Breathe easy wherever you go

Columbia is building a variety of sandals and airy shoes with a material called Techlite that not only has functional advantages but also allows the company to produce less waste during manufacturing to be more environmentally friendly. Applied using an injection-molding process, Techlite material absorbs impact and provides support in the soles of the Sun Trax women's sandal (MSRP $40) and the Pagora women's trail shoe (MSRP $75), without adding much weight to the overall package.



Hi-Tec
trimmed its number of SKUs from 450 to about 200, but the company still launched plenty of new product, including the Rapid Aero hybrid shoe designed for hiking in warm weather or playing in the water. As a company that has always put an emphasis on kid's shoes, Hi-Tec also launched a Multiterra water shoe for little ones.



Keen's
Voyager (MSRP $90) was one of many new shoes we saw designed to be as breathable as possible. Outfitted with a great amount of mesh, it's available in a low-cut version and a mid-cut (MSRP $100). One of the more inventive sandals we saw was Keen's Commuter (MSRP $110) made for cyclists. A bike shoe clip-in device is integrated into the sole, so this could be a good shoe for those who want to visit the coffee shop after a ride without appearing all geeked out in bike shoes.



Salomon's
X-Aero (MSRP $100) falls within the company's Amphib line, though this high-tech hybrid is as much a trail runner as a water shoe. Weighing between 11 and 13 ounces, depending on size, it has the chassis of a running shoe, while the upper has "anti-debris" mesh not only on the sides, but also running the length of the tongue down to the forefoot. An ample toecap helps to make the shoe durable enough for tackling bumpy terrain. Another lightweight shoe that caught our eyes was the 3D Fastpacker, which weighs 13 to 15 ounces (depending on size) and sports Salomon's 3D framework made for adventure racing. It has a rigid plate sandwiched in the midsole to protect the foot from hard terrain underfoot and to prevent the shoe from rolling.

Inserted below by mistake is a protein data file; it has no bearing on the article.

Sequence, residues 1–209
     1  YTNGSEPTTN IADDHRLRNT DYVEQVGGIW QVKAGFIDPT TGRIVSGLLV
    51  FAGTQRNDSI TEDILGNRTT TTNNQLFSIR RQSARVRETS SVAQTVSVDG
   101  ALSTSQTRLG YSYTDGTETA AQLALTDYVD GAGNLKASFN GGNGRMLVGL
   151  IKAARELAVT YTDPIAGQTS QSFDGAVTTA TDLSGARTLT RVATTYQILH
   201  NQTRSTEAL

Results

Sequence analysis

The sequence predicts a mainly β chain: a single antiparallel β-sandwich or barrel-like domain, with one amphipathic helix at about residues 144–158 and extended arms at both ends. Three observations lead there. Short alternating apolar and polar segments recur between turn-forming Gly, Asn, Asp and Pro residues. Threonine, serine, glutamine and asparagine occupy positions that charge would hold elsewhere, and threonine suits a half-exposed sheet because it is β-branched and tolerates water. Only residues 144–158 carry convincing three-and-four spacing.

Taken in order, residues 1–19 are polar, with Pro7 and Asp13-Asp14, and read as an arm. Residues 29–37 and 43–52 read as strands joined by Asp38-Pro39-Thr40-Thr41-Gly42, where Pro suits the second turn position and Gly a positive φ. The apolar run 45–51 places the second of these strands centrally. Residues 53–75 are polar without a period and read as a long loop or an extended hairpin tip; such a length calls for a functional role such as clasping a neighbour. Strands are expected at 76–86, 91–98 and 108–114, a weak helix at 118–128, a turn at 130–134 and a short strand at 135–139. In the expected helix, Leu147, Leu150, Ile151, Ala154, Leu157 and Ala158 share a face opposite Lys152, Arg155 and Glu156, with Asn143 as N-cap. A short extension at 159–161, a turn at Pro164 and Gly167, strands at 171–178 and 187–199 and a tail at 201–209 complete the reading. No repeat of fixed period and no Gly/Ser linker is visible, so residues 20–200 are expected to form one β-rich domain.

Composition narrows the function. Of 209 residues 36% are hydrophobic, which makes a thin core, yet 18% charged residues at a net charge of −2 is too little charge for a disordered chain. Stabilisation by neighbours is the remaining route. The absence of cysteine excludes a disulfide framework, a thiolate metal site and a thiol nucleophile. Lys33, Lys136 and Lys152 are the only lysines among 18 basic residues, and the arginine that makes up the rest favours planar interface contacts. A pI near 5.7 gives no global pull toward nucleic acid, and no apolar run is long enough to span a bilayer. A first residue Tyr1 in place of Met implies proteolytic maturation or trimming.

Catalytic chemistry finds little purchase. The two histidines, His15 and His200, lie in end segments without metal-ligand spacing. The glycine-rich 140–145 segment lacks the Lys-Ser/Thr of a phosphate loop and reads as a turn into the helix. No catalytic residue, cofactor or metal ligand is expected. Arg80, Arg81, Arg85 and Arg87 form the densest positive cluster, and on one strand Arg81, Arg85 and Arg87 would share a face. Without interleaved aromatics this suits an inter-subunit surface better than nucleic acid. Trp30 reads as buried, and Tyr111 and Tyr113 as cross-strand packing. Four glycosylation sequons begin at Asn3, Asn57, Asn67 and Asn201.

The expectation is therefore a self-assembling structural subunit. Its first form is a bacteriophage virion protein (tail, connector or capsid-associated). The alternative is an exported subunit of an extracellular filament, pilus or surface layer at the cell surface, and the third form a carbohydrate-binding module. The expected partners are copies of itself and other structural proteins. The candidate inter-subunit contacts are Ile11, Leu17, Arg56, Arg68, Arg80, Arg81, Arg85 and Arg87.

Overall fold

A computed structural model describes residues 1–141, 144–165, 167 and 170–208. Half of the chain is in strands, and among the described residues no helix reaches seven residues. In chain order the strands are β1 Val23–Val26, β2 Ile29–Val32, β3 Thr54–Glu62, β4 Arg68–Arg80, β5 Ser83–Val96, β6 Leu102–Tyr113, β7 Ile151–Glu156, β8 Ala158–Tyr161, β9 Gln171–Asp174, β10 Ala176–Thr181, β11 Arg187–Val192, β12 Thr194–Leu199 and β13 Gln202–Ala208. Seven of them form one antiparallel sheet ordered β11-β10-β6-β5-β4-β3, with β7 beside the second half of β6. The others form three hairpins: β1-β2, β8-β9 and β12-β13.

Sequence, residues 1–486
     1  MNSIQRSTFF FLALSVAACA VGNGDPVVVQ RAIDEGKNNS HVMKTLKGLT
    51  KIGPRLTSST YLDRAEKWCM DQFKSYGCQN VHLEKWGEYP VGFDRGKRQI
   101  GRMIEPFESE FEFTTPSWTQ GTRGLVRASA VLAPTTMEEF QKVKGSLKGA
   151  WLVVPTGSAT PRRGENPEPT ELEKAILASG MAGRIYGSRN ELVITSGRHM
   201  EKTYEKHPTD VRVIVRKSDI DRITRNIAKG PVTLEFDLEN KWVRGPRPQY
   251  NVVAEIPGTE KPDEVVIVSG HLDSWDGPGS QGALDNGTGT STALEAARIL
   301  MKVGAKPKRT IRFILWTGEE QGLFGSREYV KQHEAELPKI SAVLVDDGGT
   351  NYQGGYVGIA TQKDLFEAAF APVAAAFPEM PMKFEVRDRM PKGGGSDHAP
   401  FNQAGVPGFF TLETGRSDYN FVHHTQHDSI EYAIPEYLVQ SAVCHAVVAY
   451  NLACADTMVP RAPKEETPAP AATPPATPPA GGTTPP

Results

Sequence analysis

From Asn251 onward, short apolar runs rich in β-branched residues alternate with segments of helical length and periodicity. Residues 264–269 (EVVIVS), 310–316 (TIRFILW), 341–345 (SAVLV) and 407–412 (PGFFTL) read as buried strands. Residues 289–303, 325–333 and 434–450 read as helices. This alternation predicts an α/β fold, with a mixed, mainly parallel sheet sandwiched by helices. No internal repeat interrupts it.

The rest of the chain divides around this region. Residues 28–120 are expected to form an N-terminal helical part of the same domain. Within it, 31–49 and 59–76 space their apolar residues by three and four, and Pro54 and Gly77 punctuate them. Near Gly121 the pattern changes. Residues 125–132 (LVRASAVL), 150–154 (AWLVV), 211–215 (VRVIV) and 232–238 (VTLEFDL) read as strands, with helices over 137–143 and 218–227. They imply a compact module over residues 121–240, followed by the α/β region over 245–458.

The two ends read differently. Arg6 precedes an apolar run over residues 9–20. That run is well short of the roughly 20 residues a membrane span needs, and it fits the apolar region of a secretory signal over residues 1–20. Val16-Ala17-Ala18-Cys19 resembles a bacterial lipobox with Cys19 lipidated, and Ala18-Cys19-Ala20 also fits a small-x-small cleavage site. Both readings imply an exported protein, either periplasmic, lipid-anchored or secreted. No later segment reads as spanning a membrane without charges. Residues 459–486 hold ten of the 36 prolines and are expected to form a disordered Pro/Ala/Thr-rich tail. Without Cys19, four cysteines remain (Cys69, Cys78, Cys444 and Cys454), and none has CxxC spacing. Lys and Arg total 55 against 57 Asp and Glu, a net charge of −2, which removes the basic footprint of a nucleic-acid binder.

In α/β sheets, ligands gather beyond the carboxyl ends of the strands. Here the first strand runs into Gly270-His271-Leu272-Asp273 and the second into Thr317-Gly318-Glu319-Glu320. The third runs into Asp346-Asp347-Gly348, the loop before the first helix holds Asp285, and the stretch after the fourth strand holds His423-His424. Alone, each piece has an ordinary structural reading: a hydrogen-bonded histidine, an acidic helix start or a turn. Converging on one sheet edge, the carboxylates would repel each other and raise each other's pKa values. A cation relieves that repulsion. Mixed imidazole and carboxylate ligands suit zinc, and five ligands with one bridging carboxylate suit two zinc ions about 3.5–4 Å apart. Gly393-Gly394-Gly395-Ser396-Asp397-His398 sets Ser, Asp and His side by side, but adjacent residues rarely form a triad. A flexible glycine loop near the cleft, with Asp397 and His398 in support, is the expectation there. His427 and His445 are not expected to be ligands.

Timberland's
Hypertrail (MSRP $85) is a fastpacking shoe that combines highly breathable mesh and a Gore-Tex XCR membrane to handle wet conditions. The rubber on the outsole and toe bumper is designed to be sticky for scrambling, and the midsole has a 3/4-inch IQ plate for true support and underfoot protection.



Trailing along

Housed in its “Access” category, Asolo introduced its new Propulsion shoes -- a tight line of its first real, honest-to-goodness trail running shoes. We aren’t talking sorta-running, multi-sport hikers, but real running, per the company. All four models will come in both men’s and women’s lasts, with three XCR models each, one of which is mid-cut. Plus, the company introduced a narrow last across the board in the PM 200 men's hiking boots and looked color straight in the face. “We won’t be criticized for not introducing color,” said Bruce Franks at a meeting with SNEWS® editors at the company sales meeting in May.



Chaco
launched a new line of shoes that could be considered technical hybrids, or multisport shoes -- whatever you'd like to call them -- that should keep people cool when the temperatures rise. SNEWS® was told the company feels it now has permission to take on this off-road, closed-toe category as its next step in brand development. With trim profiles, these shoes, such as the Canyonland (mid MSRP $110, low MSRP $100) have quick-drying, abrasion-resistant, synthetic uppers that are suited for dry or wet conditions. The Getagrip non-marking outsole promises to deliver plenty of traction, and a removable BioCentric footbed provides hiking shoe support. What next? No exact word but you bet the company won’t stop here: “We see this,” said director of product development Brandan Hill, “as the foundation of going into outdoor casual and even more technical product.”



GoLite